Treasurer Defends WA Infrastructure Budget

wayne swan presenting budget

The recent release of the federal budget has created industry turmoil. Tax cuts and various other issues have left industry nationwide losing complete confidence in the federal government and their allocation of money.

One such issue that has been sparked is an attack on the budget that suggests that federal government has neglected to sufficiently invest in Western Australian infrastructure projects.

Federal Treasurer Wayne Swan is lashing back at these comments with the proof of several hundred million dollar roadway projects that he believes will finally share the benefits of the mining boom with the rest of the WA public.

“We are substantially putting a lot of money into the state of Western Australia to make sure that the infrastructure that is required by this growing state is there because this state is one of the great engine rooms of the national economy,” says Swan. “A lot of people in this state don’t feel part of the mining boom, they don’t necessarily feel that they are receiving the direct benefits”.

Swan states that funding for projects such as the $668 million Gateway Project will encourage a sharing of mining stimulated wealth in the state.

“Well, they do receive direct benefit through our investment in the Gateway project, which is funded by revenue from the minerals resource rent tax” says Swan.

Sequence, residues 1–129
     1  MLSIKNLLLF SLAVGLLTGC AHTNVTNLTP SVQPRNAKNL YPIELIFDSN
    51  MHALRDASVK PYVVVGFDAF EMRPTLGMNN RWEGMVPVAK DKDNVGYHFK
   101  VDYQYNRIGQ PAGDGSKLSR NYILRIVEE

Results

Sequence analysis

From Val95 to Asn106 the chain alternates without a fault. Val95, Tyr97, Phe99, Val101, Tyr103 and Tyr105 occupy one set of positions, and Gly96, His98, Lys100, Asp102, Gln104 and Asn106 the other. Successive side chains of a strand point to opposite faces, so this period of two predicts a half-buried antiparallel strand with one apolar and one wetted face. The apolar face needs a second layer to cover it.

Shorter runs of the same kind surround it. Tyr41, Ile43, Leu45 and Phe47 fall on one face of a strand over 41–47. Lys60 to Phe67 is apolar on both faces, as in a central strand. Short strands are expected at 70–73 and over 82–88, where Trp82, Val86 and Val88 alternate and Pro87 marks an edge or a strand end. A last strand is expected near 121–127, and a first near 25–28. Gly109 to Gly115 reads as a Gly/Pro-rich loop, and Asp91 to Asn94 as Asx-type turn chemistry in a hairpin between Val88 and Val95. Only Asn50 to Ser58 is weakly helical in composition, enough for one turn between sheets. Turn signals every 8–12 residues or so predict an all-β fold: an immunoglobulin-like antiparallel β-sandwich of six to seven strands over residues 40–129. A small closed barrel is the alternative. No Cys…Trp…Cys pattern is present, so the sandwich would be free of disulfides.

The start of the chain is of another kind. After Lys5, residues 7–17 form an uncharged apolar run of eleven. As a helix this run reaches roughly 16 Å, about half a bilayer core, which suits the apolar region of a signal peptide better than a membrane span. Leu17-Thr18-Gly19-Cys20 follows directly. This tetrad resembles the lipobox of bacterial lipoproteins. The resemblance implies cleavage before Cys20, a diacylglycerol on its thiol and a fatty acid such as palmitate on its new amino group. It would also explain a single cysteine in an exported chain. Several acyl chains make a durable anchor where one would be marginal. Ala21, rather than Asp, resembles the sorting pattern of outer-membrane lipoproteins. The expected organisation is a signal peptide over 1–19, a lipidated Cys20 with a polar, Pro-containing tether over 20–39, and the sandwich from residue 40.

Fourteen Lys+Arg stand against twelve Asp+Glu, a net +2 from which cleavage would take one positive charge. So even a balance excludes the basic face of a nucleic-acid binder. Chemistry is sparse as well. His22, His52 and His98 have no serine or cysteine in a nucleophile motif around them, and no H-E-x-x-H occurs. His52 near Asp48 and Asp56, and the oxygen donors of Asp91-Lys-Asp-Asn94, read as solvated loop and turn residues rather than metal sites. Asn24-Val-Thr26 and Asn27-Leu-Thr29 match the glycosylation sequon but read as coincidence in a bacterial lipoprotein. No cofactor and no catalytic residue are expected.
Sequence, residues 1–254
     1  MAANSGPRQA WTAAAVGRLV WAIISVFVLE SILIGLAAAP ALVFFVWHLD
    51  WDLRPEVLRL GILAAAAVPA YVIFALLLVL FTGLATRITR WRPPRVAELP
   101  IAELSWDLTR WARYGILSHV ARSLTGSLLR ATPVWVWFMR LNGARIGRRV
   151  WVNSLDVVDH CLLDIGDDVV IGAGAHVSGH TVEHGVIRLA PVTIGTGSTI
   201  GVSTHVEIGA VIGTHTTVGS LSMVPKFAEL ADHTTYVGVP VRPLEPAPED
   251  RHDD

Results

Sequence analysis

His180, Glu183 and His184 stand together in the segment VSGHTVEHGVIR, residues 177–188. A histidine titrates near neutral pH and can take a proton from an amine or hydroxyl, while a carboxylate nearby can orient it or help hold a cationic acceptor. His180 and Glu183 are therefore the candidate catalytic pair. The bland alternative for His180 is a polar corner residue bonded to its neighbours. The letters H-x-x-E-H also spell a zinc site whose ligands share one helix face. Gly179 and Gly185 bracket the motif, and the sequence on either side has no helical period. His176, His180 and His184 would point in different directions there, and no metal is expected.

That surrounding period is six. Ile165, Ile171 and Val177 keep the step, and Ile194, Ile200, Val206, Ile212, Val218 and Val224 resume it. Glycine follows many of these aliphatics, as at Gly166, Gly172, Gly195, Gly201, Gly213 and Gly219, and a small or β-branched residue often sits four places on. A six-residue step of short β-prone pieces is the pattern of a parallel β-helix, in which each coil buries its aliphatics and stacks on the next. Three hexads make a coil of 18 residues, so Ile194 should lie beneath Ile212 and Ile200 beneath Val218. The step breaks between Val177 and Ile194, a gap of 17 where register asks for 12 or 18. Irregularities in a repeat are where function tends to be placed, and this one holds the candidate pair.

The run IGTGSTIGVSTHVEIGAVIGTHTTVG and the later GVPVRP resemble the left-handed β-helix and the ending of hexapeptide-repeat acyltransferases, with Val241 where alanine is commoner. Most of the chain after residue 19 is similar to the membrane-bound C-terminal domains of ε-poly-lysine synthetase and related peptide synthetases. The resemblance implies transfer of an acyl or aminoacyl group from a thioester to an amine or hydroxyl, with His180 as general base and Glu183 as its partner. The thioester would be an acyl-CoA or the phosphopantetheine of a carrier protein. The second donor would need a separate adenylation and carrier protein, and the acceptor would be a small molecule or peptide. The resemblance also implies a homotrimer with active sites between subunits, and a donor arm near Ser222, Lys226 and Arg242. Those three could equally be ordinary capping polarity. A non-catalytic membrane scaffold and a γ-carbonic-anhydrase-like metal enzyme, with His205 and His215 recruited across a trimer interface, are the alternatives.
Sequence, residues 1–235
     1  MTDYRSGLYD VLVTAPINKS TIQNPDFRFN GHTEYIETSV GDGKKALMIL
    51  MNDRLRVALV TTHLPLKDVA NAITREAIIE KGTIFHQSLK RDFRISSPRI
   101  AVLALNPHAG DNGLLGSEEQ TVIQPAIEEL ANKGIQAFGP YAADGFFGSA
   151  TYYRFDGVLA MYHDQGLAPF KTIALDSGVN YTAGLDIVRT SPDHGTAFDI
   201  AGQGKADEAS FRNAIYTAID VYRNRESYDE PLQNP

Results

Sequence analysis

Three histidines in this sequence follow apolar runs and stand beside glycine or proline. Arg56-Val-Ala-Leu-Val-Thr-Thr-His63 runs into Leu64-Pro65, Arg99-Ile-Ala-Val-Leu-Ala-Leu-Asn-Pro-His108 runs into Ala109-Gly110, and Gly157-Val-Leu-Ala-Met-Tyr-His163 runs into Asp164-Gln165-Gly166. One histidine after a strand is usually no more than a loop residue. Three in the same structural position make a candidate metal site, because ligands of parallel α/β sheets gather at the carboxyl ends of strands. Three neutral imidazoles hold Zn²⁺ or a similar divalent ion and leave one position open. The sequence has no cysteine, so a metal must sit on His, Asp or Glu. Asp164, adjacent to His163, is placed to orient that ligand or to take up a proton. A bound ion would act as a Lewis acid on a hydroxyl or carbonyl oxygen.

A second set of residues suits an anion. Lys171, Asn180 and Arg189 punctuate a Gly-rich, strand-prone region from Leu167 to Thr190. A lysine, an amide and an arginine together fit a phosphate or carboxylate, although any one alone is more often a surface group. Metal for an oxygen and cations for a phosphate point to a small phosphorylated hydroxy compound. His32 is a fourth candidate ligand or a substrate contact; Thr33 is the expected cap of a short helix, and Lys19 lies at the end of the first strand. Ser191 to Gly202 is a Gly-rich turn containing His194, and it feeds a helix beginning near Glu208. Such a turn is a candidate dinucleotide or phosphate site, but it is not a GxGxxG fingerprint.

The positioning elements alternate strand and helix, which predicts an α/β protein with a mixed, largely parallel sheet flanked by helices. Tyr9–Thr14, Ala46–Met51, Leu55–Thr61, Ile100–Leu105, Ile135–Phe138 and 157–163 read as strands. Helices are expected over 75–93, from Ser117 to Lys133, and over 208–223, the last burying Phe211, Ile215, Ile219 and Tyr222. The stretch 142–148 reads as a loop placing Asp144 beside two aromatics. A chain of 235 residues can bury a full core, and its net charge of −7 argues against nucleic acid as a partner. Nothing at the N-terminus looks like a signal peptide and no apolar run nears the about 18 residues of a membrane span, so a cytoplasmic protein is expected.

The treasurer has further lashed out at the premier of WA, Colin Barnett for comments made in regards to the state’s dwindling GST share.

“We have hit the bottom of the barrel, there is nothing left, there is nothing left” says Barnett.

Swan has labeled these remarks as ‘rubbish’, citing the various infrastructure upgrades such as the $280 million Commonwealth contribution towards the $350 million highway upgrade in order to reduce bottlenecks as proof of the government’s economic support for the WA industry.

“Mr Barnett is just talking rubbish,” Says Swan. “When it comes to investing in infrastructure, we’re here in Western Australia doing the right thing.”

While the federal government has agreed to the request by Barnett to do an independent review of the GST allocation, Swan argues that the revenue share is out of federal government hands.

“The GST revenue comes through and is divided up and the judgements are made by an independent commission,” says Swan. “No matter how much Mr Barnett and (WA Treasurer Christian) Porter want to try and imply the federal government has got something to do with the reduction in GST revenues, it has not.”

Issues with the budget continue to roll in. Prime Minister Julia Gillard has pleaded with the industry to trust the federal government in light of the tumultuous times, but they may be a tall order for those who are increasingly feeling slighted by those in Canberra.

By Tim Moore
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